This blog is intended to go along with Population: An Introduction to Concepts and Issues, by John R. Weeks, published by Cengage Learning. The latest edition is the 12th (it came out in 2015), but this blog is meant to complement any edition of the book by showing the way in which demographic issues are regularly in the news.

If you are a user of my textbook and would like to suggest a blog post idea, please email me at: john.weeks@sdsu.edu

Sunday, September 18, 2016

Asians Are Now the Plurality in Irvine, California

The average person thinking about the ethnic composition of southern California will naturally (and accurately) think about a large Hispanic population, originating largely in Mexico, but also from other Central American countries. Historically, California's Asian population has been concentrated up north in the Bay Area. Over the past few decades things have been changing, however, and a story in today's Orange County Register (with thanks to Rubén Rumbaut for the link) shows that Asians outnumber other groups in the City of Irvine, in southern California's Orange County.
New census estimates show that, for the first time, Irvine has more Asian than white residents. It’s a thin lead, well within the report’s margin of error, but the strongest evidence yet of what many residents, scholars and real estate professionals see as an accelerating trend.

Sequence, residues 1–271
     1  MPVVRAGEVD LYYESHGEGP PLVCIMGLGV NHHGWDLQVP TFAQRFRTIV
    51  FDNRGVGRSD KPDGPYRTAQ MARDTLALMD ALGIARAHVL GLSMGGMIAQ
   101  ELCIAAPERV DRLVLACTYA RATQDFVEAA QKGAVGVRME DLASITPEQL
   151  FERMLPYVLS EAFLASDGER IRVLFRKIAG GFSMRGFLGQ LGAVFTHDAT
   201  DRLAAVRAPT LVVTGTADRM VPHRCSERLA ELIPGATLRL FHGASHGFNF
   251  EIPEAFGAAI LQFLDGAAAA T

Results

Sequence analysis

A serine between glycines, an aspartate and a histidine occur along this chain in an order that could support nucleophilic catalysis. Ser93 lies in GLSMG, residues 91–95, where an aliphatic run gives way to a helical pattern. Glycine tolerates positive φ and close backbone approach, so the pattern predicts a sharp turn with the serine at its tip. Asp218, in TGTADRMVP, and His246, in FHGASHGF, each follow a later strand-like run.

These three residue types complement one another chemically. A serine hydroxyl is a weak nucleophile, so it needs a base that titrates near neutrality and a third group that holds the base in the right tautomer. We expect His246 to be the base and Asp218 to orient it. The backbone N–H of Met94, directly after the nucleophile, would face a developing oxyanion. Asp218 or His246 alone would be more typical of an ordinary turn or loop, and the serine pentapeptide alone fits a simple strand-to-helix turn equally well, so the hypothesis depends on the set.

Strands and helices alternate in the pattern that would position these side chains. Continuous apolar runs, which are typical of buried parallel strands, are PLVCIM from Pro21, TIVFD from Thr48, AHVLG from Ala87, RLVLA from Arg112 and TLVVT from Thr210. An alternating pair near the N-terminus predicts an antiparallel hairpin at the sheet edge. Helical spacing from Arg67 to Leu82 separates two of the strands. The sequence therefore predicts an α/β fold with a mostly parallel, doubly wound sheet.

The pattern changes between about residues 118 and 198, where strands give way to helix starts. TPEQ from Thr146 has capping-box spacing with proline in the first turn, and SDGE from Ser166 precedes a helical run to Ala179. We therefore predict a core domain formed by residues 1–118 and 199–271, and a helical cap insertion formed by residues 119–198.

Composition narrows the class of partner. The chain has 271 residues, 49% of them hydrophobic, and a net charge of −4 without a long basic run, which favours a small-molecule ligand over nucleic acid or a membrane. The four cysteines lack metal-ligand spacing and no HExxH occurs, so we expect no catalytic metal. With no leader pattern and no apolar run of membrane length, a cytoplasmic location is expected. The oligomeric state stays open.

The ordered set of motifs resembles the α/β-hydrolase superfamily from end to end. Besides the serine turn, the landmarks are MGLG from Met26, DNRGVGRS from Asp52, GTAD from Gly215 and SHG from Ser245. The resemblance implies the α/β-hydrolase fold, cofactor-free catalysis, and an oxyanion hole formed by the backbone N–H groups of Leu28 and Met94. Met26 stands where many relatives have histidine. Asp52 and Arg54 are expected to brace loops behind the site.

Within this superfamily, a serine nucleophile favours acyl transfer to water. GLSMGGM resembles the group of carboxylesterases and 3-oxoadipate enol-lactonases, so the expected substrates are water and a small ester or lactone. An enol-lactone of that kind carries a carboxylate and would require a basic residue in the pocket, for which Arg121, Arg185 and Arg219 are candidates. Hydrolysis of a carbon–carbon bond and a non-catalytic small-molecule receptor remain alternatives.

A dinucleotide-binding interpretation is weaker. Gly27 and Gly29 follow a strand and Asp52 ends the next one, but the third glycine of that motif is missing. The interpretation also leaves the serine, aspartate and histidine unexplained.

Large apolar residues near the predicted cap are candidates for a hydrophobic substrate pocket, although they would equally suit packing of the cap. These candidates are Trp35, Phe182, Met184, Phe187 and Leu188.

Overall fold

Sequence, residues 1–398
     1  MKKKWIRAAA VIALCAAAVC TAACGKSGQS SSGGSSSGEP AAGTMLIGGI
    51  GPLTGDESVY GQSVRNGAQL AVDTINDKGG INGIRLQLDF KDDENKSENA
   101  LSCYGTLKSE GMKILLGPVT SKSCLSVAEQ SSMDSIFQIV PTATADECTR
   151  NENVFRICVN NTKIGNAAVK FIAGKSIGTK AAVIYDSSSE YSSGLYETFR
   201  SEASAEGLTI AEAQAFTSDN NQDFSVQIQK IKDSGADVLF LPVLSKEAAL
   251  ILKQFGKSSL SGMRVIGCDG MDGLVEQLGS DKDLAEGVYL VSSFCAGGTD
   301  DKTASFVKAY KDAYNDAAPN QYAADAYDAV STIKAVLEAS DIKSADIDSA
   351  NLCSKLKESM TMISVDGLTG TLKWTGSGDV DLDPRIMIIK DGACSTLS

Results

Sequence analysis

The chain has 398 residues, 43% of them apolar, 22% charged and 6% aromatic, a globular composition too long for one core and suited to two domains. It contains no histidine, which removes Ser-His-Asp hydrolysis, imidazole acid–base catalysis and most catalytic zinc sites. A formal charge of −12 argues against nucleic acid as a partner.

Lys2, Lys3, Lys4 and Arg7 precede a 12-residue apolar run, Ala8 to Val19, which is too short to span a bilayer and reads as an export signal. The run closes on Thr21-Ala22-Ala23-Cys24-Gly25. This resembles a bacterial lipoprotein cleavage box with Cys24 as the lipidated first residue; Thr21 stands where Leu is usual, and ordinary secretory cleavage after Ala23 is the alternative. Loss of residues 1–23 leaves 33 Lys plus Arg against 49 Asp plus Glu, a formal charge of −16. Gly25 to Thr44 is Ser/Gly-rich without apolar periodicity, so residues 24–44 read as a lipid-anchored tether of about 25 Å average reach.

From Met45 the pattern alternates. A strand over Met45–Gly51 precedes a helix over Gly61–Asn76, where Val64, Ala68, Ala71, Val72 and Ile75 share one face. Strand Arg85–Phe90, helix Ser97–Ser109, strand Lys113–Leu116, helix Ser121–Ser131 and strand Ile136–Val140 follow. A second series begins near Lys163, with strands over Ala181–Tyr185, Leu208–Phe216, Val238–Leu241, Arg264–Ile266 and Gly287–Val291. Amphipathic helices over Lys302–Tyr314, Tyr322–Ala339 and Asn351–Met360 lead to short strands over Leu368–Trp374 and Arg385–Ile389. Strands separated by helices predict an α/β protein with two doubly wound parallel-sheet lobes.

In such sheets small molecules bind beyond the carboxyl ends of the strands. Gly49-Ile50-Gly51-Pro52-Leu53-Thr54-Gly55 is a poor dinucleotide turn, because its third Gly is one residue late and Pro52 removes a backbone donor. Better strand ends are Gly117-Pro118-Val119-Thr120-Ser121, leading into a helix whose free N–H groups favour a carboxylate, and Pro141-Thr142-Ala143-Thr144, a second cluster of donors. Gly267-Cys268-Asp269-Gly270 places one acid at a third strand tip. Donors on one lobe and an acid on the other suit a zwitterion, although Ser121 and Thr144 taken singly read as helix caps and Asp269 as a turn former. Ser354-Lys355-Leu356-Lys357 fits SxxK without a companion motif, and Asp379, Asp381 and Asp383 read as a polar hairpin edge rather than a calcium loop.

Using the new census figures, a Register analysis indicates Irvine now is – or soon will be – the largest city in the continental United States with an Asian plurality. Among larger municipalities, only Honolulu has more Asians than any other race.

The Asian influx is part of a larger nationwide pattern, said Jennifer Lee, a sociology professor at UC Irvine. Asians are the fastest-growing racial group in the country, accounting for nearly two in five new immigrants, according to Pew Research Center. Their top destination is Greater Los Angeles, according to the Migration Policy Institute, because of the region’s Pacific Rim location, mild weather and well-established Asian communities.

I once asked a person just returning from Singapore how they would describe that city-state. The answer was only partially a joke: "It's a lot like Orange County but with fewer Asians!" Now, strictly speaking, Orange County is still predominantly non-Hispanic white (and Singapore is still predominantly Asian), but the City of Irvine may well be a sign of where the future is headed in the region.

No comments:

Post a Comment